Nobody likes hospitals and all that they imply. But as Tamsin Walker recounts, sometimes you've just got to do what you've got to do — needles or not.
It's taken me many years of living in Germany — where doctors can be found on every other street corner and pharmacies brightly advertise sickness — to understand the earnestness of the relationship between the population and its health.
And it's taken me just as many years of listening to colorful tales about runny noses and bottoms, fungal feet, scratchy throats, bacteria, drafts and colon massages to accept that bodily malfunction is very much a part of public discourse.
As one who was brought up in a climate of tough love where physical niggles were not indulged gladly, and a day off school not granted easily, I'm still sometimes bewildered by this national obsession, and when my children come home and say their teacher is going to have a cold for the next fortnight, my question is invariably "how can they be so sure?"
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Nonetheless, my shut-up-and-get-on-with-it approach to illness has softened a bit. Because in and among the exaggeration is a society that is not only tolerant of sickness, but which invests in keeping people well, and that, surely, is something to appreciate rather than malign.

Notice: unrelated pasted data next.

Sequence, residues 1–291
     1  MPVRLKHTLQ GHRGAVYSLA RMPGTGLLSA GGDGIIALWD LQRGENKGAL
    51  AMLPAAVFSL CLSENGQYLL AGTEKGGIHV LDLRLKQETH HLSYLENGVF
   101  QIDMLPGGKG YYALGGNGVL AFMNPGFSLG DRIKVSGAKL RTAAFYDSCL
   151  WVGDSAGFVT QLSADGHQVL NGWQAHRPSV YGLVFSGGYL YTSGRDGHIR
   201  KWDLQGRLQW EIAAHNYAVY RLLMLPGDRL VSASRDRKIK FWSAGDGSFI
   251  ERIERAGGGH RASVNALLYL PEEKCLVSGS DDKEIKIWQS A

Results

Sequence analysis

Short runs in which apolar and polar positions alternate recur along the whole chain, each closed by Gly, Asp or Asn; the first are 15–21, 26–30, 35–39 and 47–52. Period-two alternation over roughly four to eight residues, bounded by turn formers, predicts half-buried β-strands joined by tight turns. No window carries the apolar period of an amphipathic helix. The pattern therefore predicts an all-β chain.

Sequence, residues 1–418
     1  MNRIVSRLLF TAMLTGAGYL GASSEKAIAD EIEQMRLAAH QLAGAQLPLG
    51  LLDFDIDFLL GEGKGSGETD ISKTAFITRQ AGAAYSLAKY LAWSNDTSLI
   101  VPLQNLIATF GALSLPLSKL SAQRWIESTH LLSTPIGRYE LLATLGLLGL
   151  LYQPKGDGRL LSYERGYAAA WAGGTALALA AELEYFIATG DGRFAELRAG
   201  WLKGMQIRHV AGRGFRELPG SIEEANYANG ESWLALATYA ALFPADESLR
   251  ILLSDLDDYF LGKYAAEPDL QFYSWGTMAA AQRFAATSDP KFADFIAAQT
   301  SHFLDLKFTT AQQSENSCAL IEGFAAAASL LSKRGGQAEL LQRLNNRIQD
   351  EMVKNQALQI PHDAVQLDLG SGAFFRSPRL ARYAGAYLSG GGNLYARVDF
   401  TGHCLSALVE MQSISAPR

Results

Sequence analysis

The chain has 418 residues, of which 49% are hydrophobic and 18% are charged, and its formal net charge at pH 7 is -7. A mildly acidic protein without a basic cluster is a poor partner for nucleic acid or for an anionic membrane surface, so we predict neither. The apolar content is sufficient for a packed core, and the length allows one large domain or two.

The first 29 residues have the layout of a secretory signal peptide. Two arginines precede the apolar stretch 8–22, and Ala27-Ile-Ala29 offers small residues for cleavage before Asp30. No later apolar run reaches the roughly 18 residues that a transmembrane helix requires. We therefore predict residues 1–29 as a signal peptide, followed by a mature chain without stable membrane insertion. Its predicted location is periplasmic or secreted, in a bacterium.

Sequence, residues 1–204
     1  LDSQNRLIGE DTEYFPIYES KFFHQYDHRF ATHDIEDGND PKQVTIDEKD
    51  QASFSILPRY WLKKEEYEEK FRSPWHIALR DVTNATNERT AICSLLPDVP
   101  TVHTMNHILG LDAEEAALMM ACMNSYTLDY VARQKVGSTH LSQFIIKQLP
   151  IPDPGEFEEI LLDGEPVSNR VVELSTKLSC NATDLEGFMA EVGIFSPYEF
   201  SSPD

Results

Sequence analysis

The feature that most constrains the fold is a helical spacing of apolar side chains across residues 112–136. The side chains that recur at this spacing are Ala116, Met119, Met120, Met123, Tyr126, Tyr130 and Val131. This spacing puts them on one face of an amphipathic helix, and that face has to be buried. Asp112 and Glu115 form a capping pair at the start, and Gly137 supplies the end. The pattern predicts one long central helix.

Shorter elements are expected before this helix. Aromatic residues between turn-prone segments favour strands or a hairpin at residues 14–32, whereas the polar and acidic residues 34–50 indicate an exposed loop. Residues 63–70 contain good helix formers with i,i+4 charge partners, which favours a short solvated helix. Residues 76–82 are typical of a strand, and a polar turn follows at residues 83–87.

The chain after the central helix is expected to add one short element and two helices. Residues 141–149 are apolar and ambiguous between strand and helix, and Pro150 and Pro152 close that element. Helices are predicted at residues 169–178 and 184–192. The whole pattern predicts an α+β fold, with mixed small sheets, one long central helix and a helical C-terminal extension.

Because sniffles and tickles aside, there's no knowing who will be struck by what, when. As a friend who died from cancer last year philosophically told me shortly after her diagnosis, it's less a case of "why me" than "why not me."
Getting down to basics
So when I got a letter asking me to join 199,000 other randomly selected adults to take part in the most far-reaching national health study ever conducted in Germany, I signed up. NAKO, as the publicly-funded research is called, seeks, through long-term observation of participants throughout the country and in all states of health, to better understand potential environmental, geographical and socioeconomic risk factors for a whole rack of illnesses, including cancer, diabetes, cardiovascular disease and Alzheimer's.
On that basis, I donated delightful samples, answered reams of questions about my life — past and present — submitted to prods and probes that tested things like arm strength, lung capacity, blood pressure and physical fitness, adopted, in a state of undress, unusual positions in which to have unusual parts of me measured, and relived the trauma of math class nightmares. Because repeating number sequences in reverse order against the clock is just not my thing. Words though, I was told, are. So there's that.
But there's also much more. There is the knowledge that although the long-term nature of this study means it is more likely to benefit my kids or even their kids than myself, I have made a contribution to health research in a country, which for all its overindulgence of runny noses and bottoms, I'm pretty sure will be there for me as and when I need it.
In Berlin and Beyond, British-born Tamsin Walker takes a closer look at some of the quirks and perks of life in Germany, which has been her home for almost 20 years. She tweets as @TamsinkateW